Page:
Liberal newsletter Popular Information this week questioned Brown's involvement in The 74, a nonprofit education policy website she cofounded before joining Facebook as head of news partnerships two years ago. The newsletter highlighted The 74's attacks on Elizabeth Warren, the Democratic senator from Massachusetts who is running for president, including an op-ed that described her as "the second coming of Karl Marx."
Popular Information was founded by Judd Legum, who also started the now-defunct liberal website ThinkProgress and was Hillary Clinton's research director during her 2008 presidential campaign. Legum argues that The 74's negative stories about Warren are part of a broader pattern of hostility that Facebook has shown toward the candidate, a frequent critic of the social network's power to sway public opinion.
Legum cites a leaked recording of Facebook CEO Mark Zuckerberg, who this year said in an internal company meeting that it would "suck" if Warren were president. In March, Warren called for a breakup of Facebook that would undo the company's acquisitions of WhatsApp and Instagram, two of the most popular mobile apps worldwide.
Brown, a former anchor at NBC and CNN, responded to Legum's story in a series of tweets that said she has been transparent about her involvement with The 74, where she is on the board of directors and has no editorial role.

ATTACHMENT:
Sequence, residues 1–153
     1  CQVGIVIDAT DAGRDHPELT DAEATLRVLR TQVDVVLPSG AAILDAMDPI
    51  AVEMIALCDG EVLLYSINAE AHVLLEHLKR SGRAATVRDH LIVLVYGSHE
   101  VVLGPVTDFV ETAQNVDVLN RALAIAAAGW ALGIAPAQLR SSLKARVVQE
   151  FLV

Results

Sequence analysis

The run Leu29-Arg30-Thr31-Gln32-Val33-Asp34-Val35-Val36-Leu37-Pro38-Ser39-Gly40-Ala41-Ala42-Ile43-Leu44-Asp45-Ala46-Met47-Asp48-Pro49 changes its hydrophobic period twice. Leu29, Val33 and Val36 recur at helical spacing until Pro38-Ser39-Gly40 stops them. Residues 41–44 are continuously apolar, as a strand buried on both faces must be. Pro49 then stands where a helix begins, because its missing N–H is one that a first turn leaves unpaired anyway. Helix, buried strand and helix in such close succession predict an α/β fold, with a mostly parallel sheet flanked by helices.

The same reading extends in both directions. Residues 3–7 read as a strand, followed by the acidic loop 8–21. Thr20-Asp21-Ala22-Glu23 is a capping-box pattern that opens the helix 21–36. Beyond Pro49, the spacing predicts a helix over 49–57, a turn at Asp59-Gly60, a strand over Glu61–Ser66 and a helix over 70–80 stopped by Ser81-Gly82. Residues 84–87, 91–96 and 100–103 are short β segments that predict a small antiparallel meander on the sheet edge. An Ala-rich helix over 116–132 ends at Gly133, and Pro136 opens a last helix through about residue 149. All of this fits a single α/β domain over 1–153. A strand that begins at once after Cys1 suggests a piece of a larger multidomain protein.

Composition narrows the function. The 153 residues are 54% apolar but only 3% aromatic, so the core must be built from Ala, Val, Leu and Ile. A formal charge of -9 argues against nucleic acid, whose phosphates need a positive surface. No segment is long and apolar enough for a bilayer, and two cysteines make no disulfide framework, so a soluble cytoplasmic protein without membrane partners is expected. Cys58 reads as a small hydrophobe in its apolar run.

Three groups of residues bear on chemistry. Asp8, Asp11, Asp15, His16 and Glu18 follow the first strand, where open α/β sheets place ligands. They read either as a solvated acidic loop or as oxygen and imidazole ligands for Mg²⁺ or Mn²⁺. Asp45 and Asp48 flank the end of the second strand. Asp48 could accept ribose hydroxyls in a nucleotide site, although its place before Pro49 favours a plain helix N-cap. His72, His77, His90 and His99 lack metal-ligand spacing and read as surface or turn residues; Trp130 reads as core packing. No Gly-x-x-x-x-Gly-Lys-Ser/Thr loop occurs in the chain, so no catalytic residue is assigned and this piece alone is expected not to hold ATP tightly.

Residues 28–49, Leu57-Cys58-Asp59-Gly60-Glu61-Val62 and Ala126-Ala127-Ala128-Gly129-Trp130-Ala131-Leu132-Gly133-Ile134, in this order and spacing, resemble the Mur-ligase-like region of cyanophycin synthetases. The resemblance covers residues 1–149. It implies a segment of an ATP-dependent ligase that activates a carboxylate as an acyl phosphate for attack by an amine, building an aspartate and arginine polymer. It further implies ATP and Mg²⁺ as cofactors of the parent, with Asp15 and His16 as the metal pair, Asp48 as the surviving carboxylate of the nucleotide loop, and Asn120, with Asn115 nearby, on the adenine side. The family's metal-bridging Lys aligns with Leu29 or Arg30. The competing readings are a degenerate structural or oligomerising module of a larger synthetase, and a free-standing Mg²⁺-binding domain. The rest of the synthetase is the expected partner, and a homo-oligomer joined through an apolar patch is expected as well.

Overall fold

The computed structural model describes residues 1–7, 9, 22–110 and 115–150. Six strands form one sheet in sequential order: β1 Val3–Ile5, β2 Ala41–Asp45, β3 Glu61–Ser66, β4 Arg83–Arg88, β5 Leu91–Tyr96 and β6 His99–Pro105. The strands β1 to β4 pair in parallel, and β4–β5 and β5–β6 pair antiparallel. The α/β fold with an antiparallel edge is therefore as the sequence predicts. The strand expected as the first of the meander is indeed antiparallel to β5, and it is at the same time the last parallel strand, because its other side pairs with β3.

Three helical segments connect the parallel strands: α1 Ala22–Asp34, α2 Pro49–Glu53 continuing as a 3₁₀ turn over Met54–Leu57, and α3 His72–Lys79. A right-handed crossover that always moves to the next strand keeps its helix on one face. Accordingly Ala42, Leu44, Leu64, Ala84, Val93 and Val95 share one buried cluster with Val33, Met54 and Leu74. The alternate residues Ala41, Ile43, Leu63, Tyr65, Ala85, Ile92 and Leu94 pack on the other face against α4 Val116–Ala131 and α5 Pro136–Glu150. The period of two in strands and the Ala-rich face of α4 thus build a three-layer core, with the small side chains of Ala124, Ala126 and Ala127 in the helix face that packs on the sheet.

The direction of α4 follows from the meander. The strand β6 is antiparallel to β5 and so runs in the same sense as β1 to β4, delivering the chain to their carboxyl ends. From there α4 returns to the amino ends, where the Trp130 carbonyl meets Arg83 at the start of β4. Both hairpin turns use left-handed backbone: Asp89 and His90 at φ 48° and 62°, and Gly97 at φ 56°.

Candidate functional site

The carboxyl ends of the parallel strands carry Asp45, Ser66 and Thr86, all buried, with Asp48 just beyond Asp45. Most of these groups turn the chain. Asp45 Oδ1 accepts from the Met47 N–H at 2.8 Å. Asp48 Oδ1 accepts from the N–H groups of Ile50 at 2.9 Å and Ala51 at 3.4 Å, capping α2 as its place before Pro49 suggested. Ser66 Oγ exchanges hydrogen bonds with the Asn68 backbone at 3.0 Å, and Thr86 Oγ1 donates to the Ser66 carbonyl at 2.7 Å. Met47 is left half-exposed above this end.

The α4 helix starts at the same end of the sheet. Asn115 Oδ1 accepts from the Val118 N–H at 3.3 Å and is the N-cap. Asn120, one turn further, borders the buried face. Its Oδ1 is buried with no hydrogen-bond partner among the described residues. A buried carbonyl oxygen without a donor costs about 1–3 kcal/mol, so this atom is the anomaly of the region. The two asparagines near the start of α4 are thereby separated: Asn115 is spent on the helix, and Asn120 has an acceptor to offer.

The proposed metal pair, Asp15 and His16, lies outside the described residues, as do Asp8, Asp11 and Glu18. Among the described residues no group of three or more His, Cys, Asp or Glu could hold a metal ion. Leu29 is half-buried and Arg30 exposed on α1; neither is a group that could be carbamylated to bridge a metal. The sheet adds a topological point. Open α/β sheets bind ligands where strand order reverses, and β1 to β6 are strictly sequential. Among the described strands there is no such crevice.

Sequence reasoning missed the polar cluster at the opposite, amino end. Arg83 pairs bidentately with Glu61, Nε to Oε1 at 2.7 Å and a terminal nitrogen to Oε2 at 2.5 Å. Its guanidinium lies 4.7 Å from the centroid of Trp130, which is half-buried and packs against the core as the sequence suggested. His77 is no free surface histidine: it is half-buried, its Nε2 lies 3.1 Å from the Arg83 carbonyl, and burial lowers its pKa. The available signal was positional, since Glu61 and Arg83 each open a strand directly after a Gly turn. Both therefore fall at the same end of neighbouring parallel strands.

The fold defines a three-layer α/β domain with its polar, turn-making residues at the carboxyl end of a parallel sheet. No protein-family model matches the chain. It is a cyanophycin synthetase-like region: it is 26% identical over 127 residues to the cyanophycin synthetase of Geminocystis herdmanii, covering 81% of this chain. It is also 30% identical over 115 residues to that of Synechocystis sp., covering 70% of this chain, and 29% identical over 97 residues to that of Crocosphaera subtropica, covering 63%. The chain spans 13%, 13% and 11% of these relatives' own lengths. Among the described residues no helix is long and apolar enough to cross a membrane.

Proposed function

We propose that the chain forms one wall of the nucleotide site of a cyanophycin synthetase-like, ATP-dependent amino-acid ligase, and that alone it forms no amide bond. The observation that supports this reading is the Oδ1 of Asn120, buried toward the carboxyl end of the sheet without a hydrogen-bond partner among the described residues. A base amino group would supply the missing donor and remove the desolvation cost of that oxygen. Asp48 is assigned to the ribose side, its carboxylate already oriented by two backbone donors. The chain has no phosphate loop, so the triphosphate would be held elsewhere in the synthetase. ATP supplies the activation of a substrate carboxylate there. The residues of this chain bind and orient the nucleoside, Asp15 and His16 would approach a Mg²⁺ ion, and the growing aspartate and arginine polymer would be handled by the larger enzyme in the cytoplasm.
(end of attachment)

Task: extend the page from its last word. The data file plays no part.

Dozens of Twitter users lambasted Brown's response, pointing out that Facebook hasn't prioritized accuracy much either. The social network is notoriously rife with fake news, hate speech and divisive political propaganda.
The fuss over Brown's connection to The 74 shows how Facebook's growing role as a publisher opens the social network to criticism of bias — a charge leveled at every news organization.
It wasn't supposed to be this way.
The company last month debuted Facebook News as a central hub to showcase stories from established media organizations, such as The New York Times, The Washington Post and The Wall Street Journal.
But Facebook News is hardly an antidote to fake news, given its own lack of transparency. It's not clear who works for Facebook News other than Anne Kornblut, the former deputy national editor of The Washington Post who oversees its curation effort.
Curation adds little value to news production, and is most easily replaced with an algorithm. Facebook News's editors must know they're in dead-end jobs. Meanwhile, they are given disproportionate power to control what millions of people see on its platform — and deserve greater scrutiny.